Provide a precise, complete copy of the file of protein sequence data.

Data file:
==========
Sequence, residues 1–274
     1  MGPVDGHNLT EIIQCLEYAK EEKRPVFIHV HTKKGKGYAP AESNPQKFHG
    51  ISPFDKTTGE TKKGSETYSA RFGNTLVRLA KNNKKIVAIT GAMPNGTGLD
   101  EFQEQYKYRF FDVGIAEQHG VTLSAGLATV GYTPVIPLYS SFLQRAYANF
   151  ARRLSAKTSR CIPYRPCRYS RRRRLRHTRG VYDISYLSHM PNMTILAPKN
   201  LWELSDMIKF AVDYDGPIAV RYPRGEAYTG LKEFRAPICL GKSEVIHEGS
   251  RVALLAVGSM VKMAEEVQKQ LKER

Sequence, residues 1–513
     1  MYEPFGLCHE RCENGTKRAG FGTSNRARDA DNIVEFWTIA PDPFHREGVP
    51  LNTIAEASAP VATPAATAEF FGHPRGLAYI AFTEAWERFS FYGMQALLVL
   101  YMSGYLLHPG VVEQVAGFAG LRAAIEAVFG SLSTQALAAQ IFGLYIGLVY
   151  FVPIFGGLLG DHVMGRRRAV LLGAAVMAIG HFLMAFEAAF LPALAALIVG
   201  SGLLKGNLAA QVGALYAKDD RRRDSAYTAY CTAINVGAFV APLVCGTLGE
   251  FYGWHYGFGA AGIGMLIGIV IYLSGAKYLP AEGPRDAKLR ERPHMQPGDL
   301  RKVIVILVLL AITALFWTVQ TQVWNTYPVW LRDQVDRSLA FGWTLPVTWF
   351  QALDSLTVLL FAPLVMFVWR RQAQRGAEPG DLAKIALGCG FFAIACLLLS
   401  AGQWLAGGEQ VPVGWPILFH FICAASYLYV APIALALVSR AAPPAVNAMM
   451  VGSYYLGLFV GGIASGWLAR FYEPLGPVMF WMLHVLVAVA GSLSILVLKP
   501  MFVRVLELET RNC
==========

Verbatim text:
Sequence, residues 1–274
     1  MGPVDGHNLT EIIQCLEYAK EEKRPVFIHV HTKKGKGYAP AESNPQKFHG
    51  ISPFDKTTGE TKKGSETYSA RFGNTLVRLA KNNKKIVAIT GAMPNGTGLD
   101  EFQEQYKYRF FDVGIAEQHG VTLSAGLATV GYTPVIPLYS SFLQRAYANF
   151  ARRLSAKTSR CIPYRPCRYS RRRRLRHTRG VYDISYLSHM PNMTILAPKN
   201  LWELSDMIKF AVDYDGPIAV RYPRGEAYTG LKEFRAPICL GKSEVIHEGS
   251  RVALLAVGSM VKMAEEVQKQ LKER

Sequence, residues 1–513
     1  MYEPFGLCHE RCENGTKRAG FGTSNRARDA DNIVEFWTIA PDPFHREGVP
    51  LNTIAEASAP VATPAATAEF FGHPRGLAYI AFTEAWERFS FYGMQALLVL
   101  YMSGYLLHPG VVEQVAGFAG LRAAIEAVFG SLSTQALAAQ IFGLYIGLVY
   151  FVPIFGGLLG DHVMGRRRAV LLGAAVMAIG HFLMAFEAAF LPALAALIVG
   201  SGLLKGNLAA QVGALYAKDD RRRDSAYTAY CTAINVGAFV APLVCGTLGE
   251  FYGWHYGFGA AGIGMLIGIV IYLSGAKYLP AEGPRDAKLR ERPHMQPGDL
   301  RKVIVILVLL AITALFWTVQ TQVWNTYPVW LRDQVDRSLA FGWTLPVTWF
   351  QALDSLTVLL FAPLVMFVWR RQAQRGAEPG DLAKIALGCG FFAIACLLLS
   401  AGQWLAGGEQ VPVGWPILFH FICAASYLYV APIALALVSR AAPPAVNAMM
   451  VGSYYLGLFV GGIASGWLAR FYEPLGPVMF WMLHVLVAVA GSLSILVLKP
   501  MFVRVLELET RNC